During the 19th century Philadelphia began moving toward

During the 19th century Philadelphia began moving toward manufacturing for economic
growth, and despite recurring financial panics and depressions, the city boomed between
1830 and 1860. During this period of early industrialization, wealth redistribution further
widened the gap between the top and bottom of urban society. The rich were growing
richer and the poor were growing poorer. By the late 18th century, the richest ten percent
of the urban Philadelphia population held between 60 and 70 percent of the wealth. By
the mid 19th century, the richest 4 percent of the population owned about 65 percent of
the wealth. And like other cities, Philadelphia had a few families with huge fortunes that
were maintained and increased by successive generations. Enhanced opportunities for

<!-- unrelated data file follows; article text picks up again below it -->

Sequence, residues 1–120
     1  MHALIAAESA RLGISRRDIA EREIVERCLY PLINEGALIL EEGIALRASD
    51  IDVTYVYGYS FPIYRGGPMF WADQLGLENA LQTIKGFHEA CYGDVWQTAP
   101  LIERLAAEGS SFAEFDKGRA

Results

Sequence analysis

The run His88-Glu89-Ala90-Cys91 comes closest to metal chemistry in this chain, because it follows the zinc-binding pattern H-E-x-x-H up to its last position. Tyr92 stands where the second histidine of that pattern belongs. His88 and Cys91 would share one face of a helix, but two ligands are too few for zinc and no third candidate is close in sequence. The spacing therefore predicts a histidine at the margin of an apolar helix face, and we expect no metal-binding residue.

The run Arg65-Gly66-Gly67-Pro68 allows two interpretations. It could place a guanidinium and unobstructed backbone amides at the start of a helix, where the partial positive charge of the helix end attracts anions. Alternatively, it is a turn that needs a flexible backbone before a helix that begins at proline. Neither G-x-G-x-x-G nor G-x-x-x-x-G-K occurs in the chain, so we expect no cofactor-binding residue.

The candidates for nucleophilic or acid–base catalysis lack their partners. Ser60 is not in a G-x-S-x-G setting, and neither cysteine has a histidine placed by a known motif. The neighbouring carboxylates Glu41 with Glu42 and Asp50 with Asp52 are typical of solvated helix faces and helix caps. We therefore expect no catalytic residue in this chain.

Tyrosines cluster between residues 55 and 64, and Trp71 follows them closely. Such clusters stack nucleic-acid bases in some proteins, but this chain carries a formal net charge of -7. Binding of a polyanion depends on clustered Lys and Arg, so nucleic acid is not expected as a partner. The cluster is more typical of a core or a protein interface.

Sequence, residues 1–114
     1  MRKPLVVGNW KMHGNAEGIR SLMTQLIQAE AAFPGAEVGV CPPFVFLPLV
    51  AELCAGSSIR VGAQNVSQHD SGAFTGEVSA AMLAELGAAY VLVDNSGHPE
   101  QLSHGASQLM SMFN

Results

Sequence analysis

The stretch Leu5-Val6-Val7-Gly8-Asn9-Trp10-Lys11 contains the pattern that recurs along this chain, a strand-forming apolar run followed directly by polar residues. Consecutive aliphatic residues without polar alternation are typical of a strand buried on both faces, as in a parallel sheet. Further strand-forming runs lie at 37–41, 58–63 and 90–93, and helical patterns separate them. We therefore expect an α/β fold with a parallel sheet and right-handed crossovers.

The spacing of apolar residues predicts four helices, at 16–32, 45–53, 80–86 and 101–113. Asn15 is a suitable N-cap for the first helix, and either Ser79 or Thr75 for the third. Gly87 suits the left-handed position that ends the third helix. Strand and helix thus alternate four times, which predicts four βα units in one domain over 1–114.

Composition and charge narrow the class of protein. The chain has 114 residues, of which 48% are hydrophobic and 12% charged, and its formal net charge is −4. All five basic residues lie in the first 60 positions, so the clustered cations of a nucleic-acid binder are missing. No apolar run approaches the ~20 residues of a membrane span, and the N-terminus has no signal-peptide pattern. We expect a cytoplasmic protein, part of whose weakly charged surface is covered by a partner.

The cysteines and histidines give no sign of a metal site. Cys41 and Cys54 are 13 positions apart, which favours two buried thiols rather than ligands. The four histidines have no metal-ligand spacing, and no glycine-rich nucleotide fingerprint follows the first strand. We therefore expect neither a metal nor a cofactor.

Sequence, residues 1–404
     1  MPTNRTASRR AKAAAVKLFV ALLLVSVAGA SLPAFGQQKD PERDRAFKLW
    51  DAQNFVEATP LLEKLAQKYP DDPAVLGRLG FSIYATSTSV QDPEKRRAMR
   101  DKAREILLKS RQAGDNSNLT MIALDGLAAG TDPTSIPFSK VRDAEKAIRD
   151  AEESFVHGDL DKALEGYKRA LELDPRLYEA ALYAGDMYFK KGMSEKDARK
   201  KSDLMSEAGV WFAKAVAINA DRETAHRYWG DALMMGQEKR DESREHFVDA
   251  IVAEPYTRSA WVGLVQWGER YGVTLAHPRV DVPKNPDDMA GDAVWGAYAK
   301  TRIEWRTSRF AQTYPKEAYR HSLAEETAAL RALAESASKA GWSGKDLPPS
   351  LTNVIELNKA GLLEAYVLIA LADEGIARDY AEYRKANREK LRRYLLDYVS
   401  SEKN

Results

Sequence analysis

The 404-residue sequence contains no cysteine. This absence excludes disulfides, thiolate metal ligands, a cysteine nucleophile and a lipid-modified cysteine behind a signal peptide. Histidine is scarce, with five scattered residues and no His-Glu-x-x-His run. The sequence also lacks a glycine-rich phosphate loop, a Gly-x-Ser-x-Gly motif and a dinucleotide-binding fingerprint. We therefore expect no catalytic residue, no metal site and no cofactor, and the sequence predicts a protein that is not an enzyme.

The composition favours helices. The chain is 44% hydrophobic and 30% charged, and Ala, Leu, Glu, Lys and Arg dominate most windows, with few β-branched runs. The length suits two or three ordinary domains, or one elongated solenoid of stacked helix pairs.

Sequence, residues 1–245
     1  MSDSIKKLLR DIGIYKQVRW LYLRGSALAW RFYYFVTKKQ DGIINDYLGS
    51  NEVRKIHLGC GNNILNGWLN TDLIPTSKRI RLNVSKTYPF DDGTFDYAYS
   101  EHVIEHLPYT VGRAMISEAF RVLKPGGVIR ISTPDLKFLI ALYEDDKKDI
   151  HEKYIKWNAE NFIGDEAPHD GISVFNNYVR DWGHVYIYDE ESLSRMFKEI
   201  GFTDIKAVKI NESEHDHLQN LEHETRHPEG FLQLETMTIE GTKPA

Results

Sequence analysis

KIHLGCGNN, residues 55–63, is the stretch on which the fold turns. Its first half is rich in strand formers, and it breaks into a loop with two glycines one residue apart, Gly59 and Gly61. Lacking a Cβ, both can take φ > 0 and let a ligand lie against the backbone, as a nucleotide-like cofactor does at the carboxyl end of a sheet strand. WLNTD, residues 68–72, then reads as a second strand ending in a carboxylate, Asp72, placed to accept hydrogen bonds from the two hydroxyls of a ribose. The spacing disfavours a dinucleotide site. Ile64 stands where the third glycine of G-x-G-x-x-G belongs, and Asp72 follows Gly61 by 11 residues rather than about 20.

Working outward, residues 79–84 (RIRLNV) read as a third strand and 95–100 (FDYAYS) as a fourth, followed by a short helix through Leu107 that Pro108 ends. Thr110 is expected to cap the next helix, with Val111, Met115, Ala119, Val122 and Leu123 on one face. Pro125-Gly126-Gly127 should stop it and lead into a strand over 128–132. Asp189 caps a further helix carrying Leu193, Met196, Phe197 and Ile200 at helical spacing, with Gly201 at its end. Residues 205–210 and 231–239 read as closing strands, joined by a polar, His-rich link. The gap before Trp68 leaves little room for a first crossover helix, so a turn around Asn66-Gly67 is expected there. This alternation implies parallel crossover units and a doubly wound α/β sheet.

amassing great wealth among those already advantageously positioned increased the
relative wealth of those at the top of the social scale. Other changes in the 19th century
city, such as transportation innovations, began to allow wealthy and middle-class
residents to move from the central districts to the outer fringes and suburbs, and by 1860
the polarization between wealthy and poor was dramatic within the urban class structure.
From: Chudacoff, Howard and Judith Smith. The Evolution of American Urban Society.
Prentice Hall: Englewood Cliffs, New Jersey, 1994.
From: Mohl, Raymond, ed. The Making of Urban America. SR: Books: Wilmington,
1997. 2nd edition.
From: the US Geological survey: http://mcmcweb.er.usgs.gov/phil/philhistory.html